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Paradise Now (2005)

Verdict: Definitely recommended, if you can handle complicated situations and moral ambiguity.  

It’s kind of amazing what “Paradise Now” manages to do in its first twenty minutes.  It opens with a comedic scene, followed by a few scenes that give us two characters that we like, relate to and want to root for.   (Really, that first scene at the garage would fit perfectly in an Adam Sandler film.)  And then it gives them a quest we absolutely don’t want to see them carry out.   Once that’s accomplished, the rest of the film basically makes itself – it just plays out that conflict,  not only in them, but in us, the audience, as well.  This is a remarkably well-made film.

Ali Suliman and Kais Nashif play a pair of Palestinian twenty-somethings who work at a garage together, until one of them gets fired.  Clearly this is nothing new; both seem suited to drifting from one job to the next, waiting for something better comes along.  They are such humorous, relaxed, and affable guys that it’s completely surprising when they suddenly agree to become suicide bombers and take out a coffee shop in Tel Aviv.  But that’s the point, I think: director Hanu Abu-Assad wants to show us that suicide bombers aren’t religious fanatics, just normal guys who are just fed up with the Israeli occupation and their inability to do anything about it.

But that doesn’t mean this is an apologetic for suicide bombers; just before (and after) he gets his marching orders, Nashif is cautiously courting/flirting with the beautiful Lubna Azabal, whose father was a revered leader of the resistance, now dead.  She is a passionate voice for peace and nonviolence, and the arguments between the two of them — while he is wearing a bomb strapped to his chest — spark and crackle.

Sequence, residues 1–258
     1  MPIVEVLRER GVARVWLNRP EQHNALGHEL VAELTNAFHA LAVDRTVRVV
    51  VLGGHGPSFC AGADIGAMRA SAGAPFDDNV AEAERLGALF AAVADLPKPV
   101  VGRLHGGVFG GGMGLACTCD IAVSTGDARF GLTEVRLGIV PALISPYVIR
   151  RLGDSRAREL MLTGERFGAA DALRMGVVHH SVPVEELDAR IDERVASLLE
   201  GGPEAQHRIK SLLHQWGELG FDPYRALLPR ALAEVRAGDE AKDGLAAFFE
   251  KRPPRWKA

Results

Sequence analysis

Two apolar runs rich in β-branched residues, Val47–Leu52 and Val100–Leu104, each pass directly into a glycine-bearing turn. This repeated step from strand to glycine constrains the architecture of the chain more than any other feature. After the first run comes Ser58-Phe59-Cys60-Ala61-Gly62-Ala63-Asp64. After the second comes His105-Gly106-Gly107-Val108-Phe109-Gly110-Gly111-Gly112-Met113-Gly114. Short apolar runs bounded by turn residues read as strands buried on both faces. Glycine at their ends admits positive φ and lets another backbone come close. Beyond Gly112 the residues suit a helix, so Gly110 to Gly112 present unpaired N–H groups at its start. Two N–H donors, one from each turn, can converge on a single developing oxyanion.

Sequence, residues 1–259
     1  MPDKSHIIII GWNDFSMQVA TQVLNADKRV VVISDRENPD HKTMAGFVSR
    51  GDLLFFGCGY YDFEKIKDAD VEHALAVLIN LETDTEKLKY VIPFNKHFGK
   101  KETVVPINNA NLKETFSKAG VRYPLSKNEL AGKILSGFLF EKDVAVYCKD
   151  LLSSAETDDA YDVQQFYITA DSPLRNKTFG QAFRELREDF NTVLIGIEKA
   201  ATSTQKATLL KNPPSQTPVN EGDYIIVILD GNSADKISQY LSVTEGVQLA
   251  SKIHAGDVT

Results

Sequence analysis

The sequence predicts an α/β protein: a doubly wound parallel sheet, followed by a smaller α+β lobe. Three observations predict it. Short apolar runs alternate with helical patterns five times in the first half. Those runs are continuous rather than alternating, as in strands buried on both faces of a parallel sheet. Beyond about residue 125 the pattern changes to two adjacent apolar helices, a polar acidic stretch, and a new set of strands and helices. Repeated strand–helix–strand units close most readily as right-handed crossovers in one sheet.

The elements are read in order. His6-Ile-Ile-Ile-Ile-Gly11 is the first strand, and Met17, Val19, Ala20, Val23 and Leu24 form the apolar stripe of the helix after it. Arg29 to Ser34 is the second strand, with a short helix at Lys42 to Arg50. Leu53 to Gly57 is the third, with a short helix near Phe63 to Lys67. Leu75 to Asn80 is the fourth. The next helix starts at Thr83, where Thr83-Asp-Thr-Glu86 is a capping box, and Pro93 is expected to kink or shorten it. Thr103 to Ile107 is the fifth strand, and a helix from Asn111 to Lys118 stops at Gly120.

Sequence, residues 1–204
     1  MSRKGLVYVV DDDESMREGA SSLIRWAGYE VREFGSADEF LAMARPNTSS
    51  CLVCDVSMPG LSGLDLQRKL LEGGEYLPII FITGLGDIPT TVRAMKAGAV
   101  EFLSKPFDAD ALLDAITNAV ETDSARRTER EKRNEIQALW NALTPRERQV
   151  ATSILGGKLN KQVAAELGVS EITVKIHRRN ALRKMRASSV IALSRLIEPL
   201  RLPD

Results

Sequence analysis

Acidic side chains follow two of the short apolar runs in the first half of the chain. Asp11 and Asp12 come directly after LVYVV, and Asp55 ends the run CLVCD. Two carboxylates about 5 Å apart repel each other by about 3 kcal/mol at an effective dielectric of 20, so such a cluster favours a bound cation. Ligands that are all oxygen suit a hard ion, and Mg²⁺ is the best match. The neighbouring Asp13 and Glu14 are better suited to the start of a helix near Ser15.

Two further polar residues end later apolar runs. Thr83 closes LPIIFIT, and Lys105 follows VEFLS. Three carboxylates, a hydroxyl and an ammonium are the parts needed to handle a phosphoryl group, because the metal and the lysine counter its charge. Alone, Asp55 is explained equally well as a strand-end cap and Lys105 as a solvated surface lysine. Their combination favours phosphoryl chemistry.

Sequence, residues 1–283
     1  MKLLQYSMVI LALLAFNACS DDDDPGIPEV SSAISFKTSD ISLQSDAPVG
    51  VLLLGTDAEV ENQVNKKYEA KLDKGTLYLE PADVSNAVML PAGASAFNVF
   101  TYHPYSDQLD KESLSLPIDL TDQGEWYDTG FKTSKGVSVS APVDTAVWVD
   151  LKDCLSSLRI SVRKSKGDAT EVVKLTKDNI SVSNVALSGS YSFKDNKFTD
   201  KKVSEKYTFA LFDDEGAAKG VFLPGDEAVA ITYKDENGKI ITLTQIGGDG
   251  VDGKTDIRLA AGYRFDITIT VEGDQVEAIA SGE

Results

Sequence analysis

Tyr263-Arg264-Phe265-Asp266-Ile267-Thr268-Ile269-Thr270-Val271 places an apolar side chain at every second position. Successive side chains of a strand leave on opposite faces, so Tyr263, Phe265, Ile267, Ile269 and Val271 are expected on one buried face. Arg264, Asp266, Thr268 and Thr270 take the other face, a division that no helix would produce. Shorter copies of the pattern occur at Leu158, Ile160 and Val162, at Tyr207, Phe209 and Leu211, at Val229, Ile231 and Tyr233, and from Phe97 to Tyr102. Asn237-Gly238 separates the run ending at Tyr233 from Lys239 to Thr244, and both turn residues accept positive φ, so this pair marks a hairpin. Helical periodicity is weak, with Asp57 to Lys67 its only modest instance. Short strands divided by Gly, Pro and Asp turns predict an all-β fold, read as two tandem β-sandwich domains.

I come away from “Paradise Now” thinking not so much about the Israeli/Palestine conflict, but about the relationship between desperation and violence — how a sense of helplessness and despair can drive good men to do terrible things, ignore the voice of reason and compassion, and listen to terrible people.  I think this is the case in many conflicts and situations around the world and throughout history.  And that’s what makes this a pretty great film – instead of taking a side in one of the most heated conflicts of our time, it connects that conflict to time, and the way atrocities have happened, do happen, and will continue to happen, until we as a global community decide to pursue a different way.

 

 

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